The Ebird dataset is awesome. While directly handling data as a massive delimited file- as distributed by the eBird people- is cumbersome at best, the ebird api offers a fairly straightforward and efficient alternative for a few choice bits and batches of data.

  • The eBird AWK tool for filtering the actual delimited data can be found over here:

    install.packages("auk")

It is worth noting R + auk (or frankly any R centered filtering method) will quickly become limited by the single-threaded approach of R, and how you're managing memory as you iterate. Working and querying the data from a proper database quickly becomes necessary.

Most conveniently, the eBird API already exists- snag an key over here.

...The API package for R is over here:
install.packages("rebird")

...There is also a neat Python wrapper over here:
pip3 install ebird-api

Region Codes:

I'm not sure why, but some methods use normal latitude / longitude in decimal degrees while some others use "regionCode", which seems to be some kind of eBird special. Only ever seen this format in ebird data.

For example, recent observations uses regionCode:

# GET Recent observations in a region:
# https://api.ebird.org/v2/data/obs/{{regionCode}}/recent

...But nearby recent observations uses latitude / longitude:

# GET Recent nearby observations:
# https://api.ebird.org/v2/data/obs/geo/recent?lat={{lat}}&lng={{lng}}

Regardless, lets just write a function to convert decimal degrees to this regionCode thing. Here's mine:

#!/usr/bin/env python3
"""
# provide latitude & longitude, return eBird "regionCode"
Written by Jess Sullivan
@ https://www.transscendsurvival.org/
available at: 
https://raw.githubusercontent.com/Jesssullivan/GIS_Shortcuts/master/regioncodes.py
"""
import requests
import json

def get_regioncode(lat, lon):

    # this municipal api is a publicly available, no keys needed afaict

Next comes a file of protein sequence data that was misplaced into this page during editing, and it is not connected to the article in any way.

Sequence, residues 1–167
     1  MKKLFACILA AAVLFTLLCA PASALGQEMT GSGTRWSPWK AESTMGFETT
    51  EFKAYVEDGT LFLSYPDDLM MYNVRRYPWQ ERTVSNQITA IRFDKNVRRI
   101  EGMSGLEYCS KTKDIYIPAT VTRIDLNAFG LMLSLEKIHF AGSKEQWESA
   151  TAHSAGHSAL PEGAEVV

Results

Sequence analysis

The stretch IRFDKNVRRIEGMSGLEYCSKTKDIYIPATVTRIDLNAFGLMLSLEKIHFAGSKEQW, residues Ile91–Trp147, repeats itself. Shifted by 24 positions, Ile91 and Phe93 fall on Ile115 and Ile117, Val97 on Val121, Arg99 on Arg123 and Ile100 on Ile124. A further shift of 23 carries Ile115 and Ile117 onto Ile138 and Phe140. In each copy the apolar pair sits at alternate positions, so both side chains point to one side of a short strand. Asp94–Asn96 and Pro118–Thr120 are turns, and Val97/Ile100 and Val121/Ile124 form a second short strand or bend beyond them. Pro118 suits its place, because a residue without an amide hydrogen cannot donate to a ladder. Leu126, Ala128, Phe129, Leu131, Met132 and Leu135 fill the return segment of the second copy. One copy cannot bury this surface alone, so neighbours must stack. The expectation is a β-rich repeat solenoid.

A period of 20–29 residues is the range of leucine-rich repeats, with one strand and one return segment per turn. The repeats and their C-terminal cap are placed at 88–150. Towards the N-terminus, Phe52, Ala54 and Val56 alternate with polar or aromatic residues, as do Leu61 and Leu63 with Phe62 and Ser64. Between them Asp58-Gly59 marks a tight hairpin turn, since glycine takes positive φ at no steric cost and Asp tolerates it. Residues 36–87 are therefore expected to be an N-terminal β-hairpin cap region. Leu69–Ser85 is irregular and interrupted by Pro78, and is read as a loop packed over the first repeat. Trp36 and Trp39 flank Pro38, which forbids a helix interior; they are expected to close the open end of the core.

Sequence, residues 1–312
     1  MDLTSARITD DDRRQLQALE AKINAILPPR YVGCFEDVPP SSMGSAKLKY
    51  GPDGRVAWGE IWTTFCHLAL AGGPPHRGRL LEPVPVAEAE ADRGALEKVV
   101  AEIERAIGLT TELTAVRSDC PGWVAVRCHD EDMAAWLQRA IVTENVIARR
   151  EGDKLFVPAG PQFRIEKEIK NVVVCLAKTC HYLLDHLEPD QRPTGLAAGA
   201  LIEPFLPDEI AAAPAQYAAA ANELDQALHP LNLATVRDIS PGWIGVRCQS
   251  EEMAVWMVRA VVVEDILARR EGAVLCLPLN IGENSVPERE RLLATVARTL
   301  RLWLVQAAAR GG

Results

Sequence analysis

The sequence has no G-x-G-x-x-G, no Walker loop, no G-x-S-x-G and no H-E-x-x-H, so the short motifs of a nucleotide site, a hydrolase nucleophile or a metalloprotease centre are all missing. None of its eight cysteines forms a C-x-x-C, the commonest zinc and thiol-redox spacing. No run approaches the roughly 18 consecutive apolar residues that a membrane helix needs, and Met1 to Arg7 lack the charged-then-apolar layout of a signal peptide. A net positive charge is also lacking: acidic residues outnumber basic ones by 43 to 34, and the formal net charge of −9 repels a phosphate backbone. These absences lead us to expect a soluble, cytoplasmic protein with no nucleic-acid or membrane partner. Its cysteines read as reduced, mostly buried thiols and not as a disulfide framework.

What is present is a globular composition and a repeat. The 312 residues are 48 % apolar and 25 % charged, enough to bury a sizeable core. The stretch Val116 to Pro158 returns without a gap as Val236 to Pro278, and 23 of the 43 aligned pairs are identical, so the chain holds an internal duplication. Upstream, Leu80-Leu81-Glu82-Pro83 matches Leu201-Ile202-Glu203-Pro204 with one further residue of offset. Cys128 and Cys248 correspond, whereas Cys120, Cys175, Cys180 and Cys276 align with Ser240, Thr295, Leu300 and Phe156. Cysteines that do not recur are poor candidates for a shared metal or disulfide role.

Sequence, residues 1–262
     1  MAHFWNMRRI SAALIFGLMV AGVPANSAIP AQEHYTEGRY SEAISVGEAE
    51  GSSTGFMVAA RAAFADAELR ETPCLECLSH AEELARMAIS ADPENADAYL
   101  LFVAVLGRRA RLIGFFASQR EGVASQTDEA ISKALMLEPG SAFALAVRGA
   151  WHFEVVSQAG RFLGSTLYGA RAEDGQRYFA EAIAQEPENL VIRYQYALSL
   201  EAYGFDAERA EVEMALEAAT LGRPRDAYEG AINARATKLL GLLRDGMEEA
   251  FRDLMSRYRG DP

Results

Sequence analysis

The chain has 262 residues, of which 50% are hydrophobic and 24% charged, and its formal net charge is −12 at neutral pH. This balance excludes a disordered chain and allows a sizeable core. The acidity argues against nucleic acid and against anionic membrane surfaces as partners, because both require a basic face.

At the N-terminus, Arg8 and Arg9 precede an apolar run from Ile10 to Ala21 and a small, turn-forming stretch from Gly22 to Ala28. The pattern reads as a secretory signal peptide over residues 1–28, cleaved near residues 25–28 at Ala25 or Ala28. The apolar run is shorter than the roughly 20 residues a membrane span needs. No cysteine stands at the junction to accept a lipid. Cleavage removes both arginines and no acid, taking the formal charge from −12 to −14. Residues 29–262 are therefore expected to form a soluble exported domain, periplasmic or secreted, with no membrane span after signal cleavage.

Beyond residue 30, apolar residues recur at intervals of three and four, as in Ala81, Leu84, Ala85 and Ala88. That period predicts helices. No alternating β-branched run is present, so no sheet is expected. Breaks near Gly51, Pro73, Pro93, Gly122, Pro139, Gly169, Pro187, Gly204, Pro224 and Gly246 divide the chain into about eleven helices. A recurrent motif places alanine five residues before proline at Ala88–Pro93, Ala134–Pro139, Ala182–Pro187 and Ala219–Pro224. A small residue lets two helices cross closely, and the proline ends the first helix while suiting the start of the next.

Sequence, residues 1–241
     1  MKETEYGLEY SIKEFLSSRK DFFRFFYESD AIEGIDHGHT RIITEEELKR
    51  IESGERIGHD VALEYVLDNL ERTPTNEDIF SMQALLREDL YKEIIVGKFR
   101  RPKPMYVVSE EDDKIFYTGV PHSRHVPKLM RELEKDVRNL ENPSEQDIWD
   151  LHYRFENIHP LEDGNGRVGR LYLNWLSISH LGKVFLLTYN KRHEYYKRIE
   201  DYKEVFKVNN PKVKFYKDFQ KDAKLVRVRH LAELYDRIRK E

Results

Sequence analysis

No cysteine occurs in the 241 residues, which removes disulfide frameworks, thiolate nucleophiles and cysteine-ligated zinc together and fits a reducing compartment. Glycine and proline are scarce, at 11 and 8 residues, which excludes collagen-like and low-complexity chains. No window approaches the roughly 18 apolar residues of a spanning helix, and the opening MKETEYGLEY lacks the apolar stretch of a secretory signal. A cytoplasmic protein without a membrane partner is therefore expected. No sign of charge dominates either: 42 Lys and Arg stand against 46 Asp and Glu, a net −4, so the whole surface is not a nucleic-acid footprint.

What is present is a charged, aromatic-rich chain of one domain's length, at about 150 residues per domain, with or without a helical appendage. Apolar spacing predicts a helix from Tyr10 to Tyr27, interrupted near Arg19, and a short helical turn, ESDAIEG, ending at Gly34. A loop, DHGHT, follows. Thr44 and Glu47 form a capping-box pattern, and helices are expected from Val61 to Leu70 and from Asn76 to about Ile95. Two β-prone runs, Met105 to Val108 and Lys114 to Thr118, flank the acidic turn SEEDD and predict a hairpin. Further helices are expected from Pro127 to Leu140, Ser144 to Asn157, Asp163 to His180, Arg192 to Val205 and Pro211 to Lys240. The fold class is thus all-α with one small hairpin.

census_url = str('https://geo.fcc.gov/api/census/area?lat=' +
                     str(lat) +
                     '&lon=' +
                     str(lon) +
                     '&format=json')

    # send out a GET request:
    payload = {}
    get = requests.request("GET", census_url, data=payload)

    # parse the response, all api values are contained in list 'results':
    response = json.loads(get.content)['results'][0]

    # use the last three digits from the in-state fips code as the "subnational 2" identifier:
    fips = response['county_fips']

    # assemble and return the "subnational type 2" code:
    regioncode = 'US-' + response['state_code'] + '-' + fips[2] + fips[3] + fips[4]
    print('formed region code: ' + regioncode)
    return regioncode

Prius, Printers

Add EV only mode button for 2009 Prius-

Pinouts and wiring reference here:
http://www.calcars.org/prius-evbutton-install.pdf

Big shiny EV mode button in the Prius!

Fusion 360 files here: https://a360.co/2zOACJJ

Files uploaded to thingiverse here: https://www.thingiverse.com/thing:4422091

xposted to prius chat too:
https://priuschat.com/threads/3d-printed-ev-mode-button-xd.216774/

PLA & Carbon Polycarbonate button housings:


While we're at it....

See more notes on D&M 3d Printer stuff on github here:
https://github.com/Jesssullivan/Funmat-HT-Notes